It is evident that majority of the states across the world such as Australia, Kuwait, France, USA, Canada and Belgium are multicultural in nature (Raz 1994, p.69). It is imperative to note that sometimes it takes time before the minority groups can interact and get assimilated to one another. This is the reason why their level of synonymy within a demographic region differs with other regions.
Numerous states formulate and implement policies that are meant to reintegrate cultural groups in order to boost social cohesion. Nevertheless, huge diversity that results into differences in philosophies, lifestyle, religion, ethnicity and history make it hard for governments to foster civic unity (Parekh 2006, p. 9). Instead, such diversity encourages radicalization and social segregation.
Needless to say, it is definite that multiculturalism means more than the aspect of demographic pluralism. In this case, multiculturalism can exist in the form of political philosophy. This implies that there are philosophies that are set to accommodate, recognize or support cultural diversity.
Philosophical multiculturalism can be held by institutions, governments, leaders or civilians (Raz 1994, p.73). Moreover, political theorists can use such philosophies during public debates in order to encourage cultural diversity. However, research has revealed that if such philosophies are not geared to foster collective existence, they are likely to result into inescapable conflicts.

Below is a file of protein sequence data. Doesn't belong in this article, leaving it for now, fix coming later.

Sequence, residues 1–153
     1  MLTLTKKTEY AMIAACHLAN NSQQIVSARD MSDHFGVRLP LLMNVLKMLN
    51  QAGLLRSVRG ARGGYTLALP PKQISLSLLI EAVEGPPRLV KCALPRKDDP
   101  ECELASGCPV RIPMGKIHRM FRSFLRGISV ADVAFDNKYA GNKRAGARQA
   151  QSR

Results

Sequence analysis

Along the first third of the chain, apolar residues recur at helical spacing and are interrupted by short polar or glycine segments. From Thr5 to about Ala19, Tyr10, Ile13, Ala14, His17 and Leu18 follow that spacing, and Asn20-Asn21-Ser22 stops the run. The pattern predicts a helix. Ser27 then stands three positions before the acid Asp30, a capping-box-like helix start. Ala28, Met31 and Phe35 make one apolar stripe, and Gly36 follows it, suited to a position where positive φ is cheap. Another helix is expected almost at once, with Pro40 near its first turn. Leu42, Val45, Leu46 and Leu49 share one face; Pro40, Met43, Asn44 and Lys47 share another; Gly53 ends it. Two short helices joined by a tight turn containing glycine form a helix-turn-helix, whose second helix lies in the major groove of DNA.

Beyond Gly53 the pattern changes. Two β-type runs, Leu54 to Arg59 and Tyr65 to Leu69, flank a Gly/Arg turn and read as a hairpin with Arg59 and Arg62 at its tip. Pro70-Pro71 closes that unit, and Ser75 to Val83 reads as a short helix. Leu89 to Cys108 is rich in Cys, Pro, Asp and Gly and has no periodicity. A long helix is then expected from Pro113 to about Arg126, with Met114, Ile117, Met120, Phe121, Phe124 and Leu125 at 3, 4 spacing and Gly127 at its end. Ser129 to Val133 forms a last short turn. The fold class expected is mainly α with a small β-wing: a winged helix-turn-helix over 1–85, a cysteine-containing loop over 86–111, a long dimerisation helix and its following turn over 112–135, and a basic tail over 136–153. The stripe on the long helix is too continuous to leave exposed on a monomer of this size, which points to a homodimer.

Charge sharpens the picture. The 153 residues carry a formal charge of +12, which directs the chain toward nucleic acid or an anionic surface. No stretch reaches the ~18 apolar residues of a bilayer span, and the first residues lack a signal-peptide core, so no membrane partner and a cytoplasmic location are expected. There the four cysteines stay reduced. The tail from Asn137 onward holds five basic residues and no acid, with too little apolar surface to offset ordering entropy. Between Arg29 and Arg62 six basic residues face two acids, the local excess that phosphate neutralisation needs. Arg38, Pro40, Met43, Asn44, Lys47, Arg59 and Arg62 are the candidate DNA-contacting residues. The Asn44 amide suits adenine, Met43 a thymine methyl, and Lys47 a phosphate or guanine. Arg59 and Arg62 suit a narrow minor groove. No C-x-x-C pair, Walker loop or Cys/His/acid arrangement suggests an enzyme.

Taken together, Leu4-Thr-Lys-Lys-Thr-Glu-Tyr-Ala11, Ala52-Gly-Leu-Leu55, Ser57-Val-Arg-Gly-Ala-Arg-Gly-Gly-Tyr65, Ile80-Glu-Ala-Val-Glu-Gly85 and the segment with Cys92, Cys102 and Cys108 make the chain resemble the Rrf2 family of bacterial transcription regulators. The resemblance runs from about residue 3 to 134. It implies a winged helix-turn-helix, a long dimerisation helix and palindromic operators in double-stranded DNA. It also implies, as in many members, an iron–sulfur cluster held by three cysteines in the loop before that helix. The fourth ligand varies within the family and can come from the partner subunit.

Critics of multiculturalism claim that this aspect encourages social and economic disparities. This is due to the fact that governments that opt to take the philosophy, language, religion and beliefs of the majority often exclude minorities from numerous mainstreams.
This is evident in countries where there is lack of proportional representation of each community in public institutions. In addition to this, research has revealed that extreme diversity often leads to loss of public debate. Consequently, this acts as a major hindrance to democratic unity (Kymlicka 2010, p.2630).
At this point, it is definite that multiculturalism undermines civil unity since it is very difficult to achieve cultural neutrality in all institutions. Nevertheless, this concept is important and thus it should not be eliminated at the expense of unity. From a philosophical point of view, it is definite that people have different origins, history and values (Parekh 2006, 12).